The Camcorder is your most valuable tool in Outlast and the reason why you’re in the asylum. Getting video footage of the corruption and mystery behind the place would be enough to stop what’s happening and give you a great story to report on. As a gameplay tool it provides you with notes from Miles if you capture the right footage and in the dark its nightvision function is your only way to proceed. Using the camera adds a kind of found footage element to the game. Since found footage horror is a guilty pleasure of mine, I pretty much loved every second I spent behind the camera.Constant use of the camera drains the batteries though, so expect to be hunting through drawers for every battery you can find. Fortunately batteries fit for your camera can be found all throughout the asylum, a pretty convenient fact considering how crucial it is to your survival. This mechanic is unnecessary, frustrating and just got in the way. Red Barrels could have and eventually did come up with better ways to plunge you into darkness.
Climbing into the asylum for the first time and being enveloped in complete darkness is incredibly unsettling. My lack of familiarity with the controls had me fumbling around to get the night vision turned on the camera. Fear and dread almost overcame me during this few seconds, I was completely consumed by the terror of not knowing what to expect. The best part about it was that nothing even happened. Nightvision was activated and I was greeted with an empty room. Red Barrels truly understand all the ways that scares can be achieved, including by doing nothing at all and leaving the player to scare themselves in a bad situation.
“Walker was interviewed in restraints, following his self-inflicted mutilations. Restraints have had to be altered to accommodate his enormous size.” – The Murkoff Corporation
Fear of the dark is something the game continues to take advantage of throughout the game. Sneaking through flooded basements to turn the power back on and stumbling through cell blocks in complete darkness is a possibility if you don’t conserve your batteries. A prime example is when you lose your camera and are forced to navigate without it. This section demonstrates the effectiveness of the camcorder as both a narrative and gameplay tool.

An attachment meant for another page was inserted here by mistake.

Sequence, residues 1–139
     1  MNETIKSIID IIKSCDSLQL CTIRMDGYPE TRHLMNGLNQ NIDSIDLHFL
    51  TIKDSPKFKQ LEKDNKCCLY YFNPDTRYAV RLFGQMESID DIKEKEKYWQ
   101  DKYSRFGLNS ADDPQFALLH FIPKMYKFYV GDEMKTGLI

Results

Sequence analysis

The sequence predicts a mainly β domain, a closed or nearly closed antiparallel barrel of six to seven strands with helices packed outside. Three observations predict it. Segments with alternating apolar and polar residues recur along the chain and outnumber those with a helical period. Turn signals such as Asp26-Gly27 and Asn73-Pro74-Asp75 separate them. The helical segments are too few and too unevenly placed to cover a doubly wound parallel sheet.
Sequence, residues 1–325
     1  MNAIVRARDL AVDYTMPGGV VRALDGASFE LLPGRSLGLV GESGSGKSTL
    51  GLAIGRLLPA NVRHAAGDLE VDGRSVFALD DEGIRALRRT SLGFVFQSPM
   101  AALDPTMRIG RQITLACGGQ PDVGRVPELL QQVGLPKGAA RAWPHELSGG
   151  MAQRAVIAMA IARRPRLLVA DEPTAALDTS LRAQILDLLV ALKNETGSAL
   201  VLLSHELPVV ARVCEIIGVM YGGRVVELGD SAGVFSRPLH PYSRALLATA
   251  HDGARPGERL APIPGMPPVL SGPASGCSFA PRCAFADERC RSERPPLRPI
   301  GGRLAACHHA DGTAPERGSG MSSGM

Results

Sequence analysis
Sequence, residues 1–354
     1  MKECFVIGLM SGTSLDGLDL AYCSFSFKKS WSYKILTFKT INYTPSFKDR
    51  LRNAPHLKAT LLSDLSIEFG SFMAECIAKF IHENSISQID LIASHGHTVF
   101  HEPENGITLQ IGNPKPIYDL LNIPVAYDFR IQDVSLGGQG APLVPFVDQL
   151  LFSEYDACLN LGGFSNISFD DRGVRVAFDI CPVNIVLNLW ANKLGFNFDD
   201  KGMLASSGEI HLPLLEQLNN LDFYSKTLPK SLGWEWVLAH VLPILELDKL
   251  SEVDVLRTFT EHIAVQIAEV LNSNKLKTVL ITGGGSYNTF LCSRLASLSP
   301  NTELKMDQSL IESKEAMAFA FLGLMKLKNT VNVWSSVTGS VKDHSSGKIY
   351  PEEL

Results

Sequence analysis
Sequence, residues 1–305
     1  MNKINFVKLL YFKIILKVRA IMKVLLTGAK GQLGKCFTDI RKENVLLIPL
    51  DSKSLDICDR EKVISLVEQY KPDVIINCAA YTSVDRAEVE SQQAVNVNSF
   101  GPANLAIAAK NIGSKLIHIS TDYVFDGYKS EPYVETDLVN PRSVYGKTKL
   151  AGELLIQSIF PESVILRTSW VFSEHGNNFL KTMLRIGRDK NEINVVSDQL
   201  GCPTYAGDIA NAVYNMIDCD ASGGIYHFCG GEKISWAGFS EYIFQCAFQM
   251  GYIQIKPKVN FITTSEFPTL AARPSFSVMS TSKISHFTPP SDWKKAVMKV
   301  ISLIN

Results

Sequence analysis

Expect jump scares. Lots of them. Outlast doesn’t shy away from doing anything it can, to shake you up a little. I usually mock horror movies with jump scares, as most that utilise them rely on them too heavily. Outlast, as a game, uses every trick in the book and does so effectively. It deserves the jump scares and uses them effectively. One of the inmates is bound to spot you eventually and when they do, the music ramps up to a terrifying pace and the chase begins. Fleeing to a locker, under a bed or just as far away as possible is usually enough to thwart your demise. This forgiving element to the game feels out of place in a game designed specifically to scare you. When it’s so easy to get away, the enemies’ ability to truly scare you starts to diminish.
Entertainment & Originality
Alien: Isolation clearly took a lot from Outlast and was itself a triumph in replicating and continuing one of the best horror movies in a new medium. Outlast uses horror tropes and unoriginal ideas as the basis for a wholly effective experience in a growing medium. Penumbra and Amnesia are comparable, but Outlast outshines them with its utterly convincing setting and narrative. None of it is particularly complex or clever, it’s just very effective in what it does. It makes you feel terror, keeps you wanting to solve the mystery and doesn’t stop until the very end and still leaves you wanting more.
Scares do suffer towards the end, with the game struggling to keep surpring you. Instead it relies on the same things it’s been doing since the start. This loss of direction and pacing definitely effected the experience, but the ending was satisfying and surprising enough to leave me with a good impression. Six hours was my playtime bu the end and while the game has no replay value, only one ending and is short by most standards, the quality over quantity approach is one I respect. Alien: Isolation suffered from pacing problems far more severely than Outlast and while Isolation is the better game for putting you inside an interactive horror classic and forcing you to make choices, Outlast is up there with the best too.
Boss enemies of sorts pit you against, among other things, a giant monster of a man and a mad doctor. Without giving too much away I’ll just say you won’t be forgetting the scenes you have with them. These scenes were however, the weakest part of the game for me. It took me out of the experience and reminded me I was just playing a game, without actually adding any worthwhile additions to the gameplay or story. They felt overly scripted and for the most part take control away from the player. Mount Massive Asylum is a big place, but you are carefully guided through it linearly. You have some freedom to wander around and find your way, but there’s only one way to go. The illusion it tries to create fails sometimes and it’s very clear that the game is taking you where it wants. Fortunately for the most part the small, open areas are detailed enough to distract from the linearity.
Outlast is in no way original. It takes its story, setting and atmosphere from classic horror movies and the gameplay is clearly inspired by Amnesia: The Dark Descent. What it does is provide one of the scariest games I’ve ever played. It holds nothing back, be it jumpscares, realistic environments, terrifying ambient sounds or soundtrack. Every aspect blends together into an overall amazing horror package. It isn’t perfect, but Outlast is a must for anyone looking for a good scare.